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AFI Women Directors: Meet Jillian Mayer

Interviews
by Kerensa Cadenas
November 12, 2013 9:00 AM
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"#PostModem," a short film produced in Miami.

Jillian Mayer steeps her artistic practice in the verisimilitude of a generation that came of age in the 1980s. Her video works have premiered at galleries and museums internationally and at film festivals including SXSW and Sundance. She was recently featured in Art Papers and in ArtNews discussing identity, the Internet and her artistic practices and influences. She is a recipient of the South Florida Cultural Consortium's Visual/Media Artists Fellowship 2011, Cintas Foundation Fellowship 2012, and was named one of the "25 New Faces of Independent Film" by Filmmaker Magazine. This year she has been awarded the Elsewhere Museum/NEA Southern Constellation Fellowship, Zentrum Paul Klee Fellowship (Bern, Switzerland) and the Sundance Institute's New Frontier Story Lab fellowship. (Mayer's site)

#PostModem is playing AFI as a part of the shorts program.

Women and Hollywood: Description of the film:

Jillian Mayer: #PostModem is a comedic, satirical, sci-fi pop musical based on the theories of Ray Kurzweil and other futurists. #PostModem is the story of two Miami girls and how they deal with technological singularity, as told through a series of cinematic tweets. It is also the concept sketch for a feature film that we are currently in pre-production with.

WaH: What drew you to this story?

JM: I wrote it with my often collaborator Lucas Leyva because we started to get more and more interested in futurist theories and started to fall deeper in love with our phones and computers.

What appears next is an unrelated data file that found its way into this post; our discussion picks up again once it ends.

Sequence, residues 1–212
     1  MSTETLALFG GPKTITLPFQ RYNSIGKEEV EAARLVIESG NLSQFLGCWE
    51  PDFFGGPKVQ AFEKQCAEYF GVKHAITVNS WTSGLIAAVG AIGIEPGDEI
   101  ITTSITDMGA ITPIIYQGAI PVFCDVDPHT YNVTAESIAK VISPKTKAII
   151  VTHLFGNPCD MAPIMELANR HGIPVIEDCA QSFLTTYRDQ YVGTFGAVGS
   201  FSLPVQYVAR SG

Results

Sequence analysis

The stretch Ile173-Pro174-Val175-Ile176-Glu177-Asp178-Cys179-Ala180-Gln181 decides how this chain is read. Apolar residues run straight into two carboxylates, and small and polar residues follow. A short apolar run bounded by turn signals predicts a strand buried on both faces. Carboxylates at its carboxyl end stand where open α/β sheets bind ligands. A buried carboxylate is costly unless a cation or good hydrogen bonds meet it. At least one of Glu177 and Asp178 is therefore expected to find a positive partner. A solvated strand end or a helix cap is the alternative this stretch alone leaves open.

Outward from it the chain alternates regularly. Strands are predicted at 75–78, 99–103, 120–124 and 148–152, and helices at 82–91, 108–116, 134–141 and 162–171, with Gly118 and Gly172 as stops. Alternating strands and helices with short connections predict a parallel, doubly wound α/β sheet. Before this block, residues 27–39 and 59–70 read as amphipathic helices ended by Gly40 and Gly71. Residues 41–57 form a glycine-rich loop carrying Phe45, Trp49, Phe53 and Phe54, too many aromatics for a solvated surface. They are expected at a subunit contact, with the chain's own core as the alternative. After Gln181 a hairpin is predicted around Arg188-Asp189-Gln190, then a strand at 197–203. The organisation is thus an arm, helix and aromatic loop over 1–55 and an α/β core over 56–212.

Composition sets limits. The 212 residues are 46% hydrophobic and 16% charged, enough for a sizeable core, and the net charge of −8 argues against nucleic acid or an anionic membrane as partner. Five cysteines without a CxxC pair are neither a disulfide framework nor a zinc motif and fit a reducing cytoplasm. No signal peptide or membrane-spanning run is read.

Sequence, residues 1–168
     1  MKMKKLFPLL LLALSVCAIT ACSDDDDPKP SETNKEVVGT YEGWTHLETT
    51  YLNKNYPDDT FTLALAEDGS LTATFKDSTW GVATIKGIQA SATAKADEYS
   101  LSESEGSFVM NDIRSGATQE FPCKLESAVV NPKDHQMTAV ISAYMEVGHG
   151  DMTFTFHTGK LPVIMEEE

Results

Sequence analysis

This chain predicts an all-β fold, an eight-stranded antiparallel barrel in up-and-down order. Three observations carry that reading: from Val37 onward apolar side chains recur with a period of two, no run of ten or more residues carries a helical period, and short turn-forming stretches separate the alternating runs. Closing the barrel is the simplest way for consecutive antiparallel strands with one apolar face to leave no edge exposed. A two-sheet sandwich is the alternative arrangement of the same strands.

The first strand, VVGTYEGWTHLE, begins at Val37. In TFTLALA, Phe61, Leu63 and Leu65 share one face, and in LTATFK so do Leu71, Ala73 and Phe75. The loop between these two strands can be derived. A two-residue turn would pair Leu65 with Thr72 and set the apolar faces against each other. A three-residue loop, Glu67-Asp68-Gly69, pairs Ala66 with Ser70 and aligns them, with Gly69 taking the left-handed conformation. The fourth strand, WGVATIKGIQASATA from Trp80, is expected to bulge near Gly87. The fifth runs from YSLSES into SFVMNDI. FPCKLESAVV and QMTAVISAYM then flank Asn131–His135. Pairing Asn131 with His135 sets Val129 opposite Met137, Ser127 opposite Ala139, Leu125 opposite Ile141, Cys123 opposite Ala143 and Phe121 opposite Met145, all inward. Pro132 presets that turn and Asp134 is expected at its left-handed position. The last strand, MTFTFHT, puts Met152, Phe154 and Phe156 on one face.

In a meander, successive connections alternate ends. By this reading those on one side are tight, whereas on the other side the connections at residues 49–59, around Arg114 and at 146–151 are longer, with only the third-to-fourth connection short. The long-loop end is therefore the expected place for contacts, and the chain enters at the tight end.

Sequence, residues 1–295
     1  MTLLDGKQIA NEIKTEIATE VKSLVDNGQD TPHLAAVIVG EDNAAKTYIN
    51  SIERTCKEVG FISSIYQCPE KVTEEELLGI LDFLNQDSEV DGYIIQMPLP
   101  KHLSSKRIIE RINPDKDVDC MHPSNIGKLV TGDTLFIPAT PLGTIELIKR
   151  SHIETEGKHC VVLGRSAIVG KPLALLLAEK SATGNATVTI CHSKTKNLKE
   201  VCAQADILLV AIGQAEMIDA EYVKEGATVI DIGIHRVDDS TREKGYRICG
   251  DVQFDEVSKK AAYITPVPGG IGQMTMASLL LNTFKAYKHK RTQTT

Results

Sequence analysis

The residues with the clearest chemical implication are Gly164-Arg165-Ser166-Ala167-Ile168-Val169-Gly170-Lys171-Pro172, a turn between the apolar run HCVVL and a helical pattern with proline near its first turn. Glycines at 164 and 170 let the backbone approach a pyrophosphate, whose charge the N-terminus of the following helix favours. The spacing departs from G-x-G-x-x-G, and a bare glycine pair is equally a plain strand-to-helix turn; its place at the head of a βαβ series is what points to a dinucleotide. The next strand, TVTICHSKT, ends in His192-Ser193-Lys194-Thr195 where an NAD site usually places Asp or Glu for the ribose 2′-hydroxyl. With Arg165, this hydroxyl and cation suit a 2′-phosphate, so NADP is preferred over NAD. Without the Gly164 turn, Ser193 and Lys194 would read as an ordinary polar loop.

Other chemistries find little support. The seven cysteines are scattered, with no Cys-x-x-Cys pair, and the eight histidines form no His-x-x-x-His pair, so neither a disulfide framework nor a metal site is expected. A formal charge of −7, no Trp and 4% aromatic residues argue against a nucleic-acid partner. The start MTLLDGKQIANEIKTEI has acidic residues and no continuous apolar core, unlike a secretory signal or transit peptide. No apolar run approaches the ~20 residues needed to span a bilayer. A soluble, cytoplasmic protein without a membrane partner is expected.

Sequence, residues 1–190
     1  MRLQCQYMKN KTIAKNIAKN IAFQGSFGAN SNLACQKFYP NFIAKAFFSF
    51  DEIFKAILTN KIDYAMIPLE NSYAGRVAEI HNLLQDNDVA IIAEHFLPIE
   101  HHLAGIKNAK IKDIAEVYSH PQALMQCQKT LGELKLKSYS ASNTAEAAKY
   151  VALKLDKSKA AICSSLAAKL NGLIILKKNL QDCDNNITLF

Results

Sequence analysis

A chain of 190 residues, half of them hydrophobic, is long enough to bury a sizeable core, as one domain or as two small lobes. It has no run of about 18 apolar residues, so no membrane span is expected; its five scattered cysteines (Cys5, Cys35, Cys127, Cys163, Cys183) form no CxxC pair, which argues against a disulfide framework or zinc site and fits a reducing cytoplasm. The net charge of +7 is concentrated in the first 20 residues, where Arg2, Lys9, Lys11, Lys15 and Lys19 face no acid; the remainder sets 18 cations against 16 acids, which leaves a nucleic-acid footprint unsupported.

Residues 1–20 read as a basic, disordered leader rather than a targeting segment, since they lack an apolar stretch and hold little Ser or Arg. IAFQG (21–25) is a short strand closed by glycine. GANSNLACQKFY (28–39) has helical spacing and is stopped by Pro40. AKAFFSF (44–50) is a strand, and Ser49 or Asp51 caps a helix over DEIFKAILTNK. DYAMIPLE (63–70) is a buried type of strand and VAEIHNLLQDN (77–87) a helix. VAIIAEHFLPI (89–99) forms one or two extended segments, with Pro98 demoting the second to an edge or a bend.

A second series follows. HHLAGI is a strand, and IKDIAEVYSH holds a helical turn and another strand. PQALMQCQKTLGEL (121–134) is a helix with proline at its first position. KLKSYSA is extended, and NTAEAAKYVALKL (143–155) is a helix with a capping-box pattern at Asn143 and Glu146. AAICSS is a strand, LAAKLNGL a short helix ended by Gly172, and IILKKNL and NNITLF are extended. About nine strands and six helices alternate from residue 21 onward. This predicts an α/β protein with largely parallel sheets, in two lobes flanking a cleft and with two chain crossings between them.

WaH: What was the biggest challenge?

JM: One of our largest props did not fit in the studio so we had to cut it in half, fold it like a taco and shove it through the door. Also, riding a Jet Pack thirty feet up in the air without clothes is a challenge.

WaH: What advice do you have for other female directors?

JM: Don't let anything but your talent affect your success. People will be engaged in your work if it is good, interesting or challenging. There are many amazing female directors that made work in more skewed times so we should be thankful for the boundaries they pushed through. Also, befriend the other female directors that make work that you respect. I have met some of my best friends through film festivals in the last few years.

WaH: What are the biggest challenges and or opportunities for the future with the changing distribution mechanisms for films?

JM: A young artist can become popular more quickly with the Internet providing instant access to ones work. That might lead to more opportunity and an accelerated career. But it seems as if funding may be harder to come by and filmmakers are being prompted to give away their work for free in hopes to become part of the conversation.

Everyone is always trying to figure out the future of film distribution. I try and not spend too much time worrying about things like this and just try to focus on making the best work I can to entertain me and my friends.

WaH: Name your favorite women directed film and why.

JM: There are many to choose from but recent inspirations have been Sun Don't Shine by Amy Seimetz and A Teacher by Hannah Fidell.

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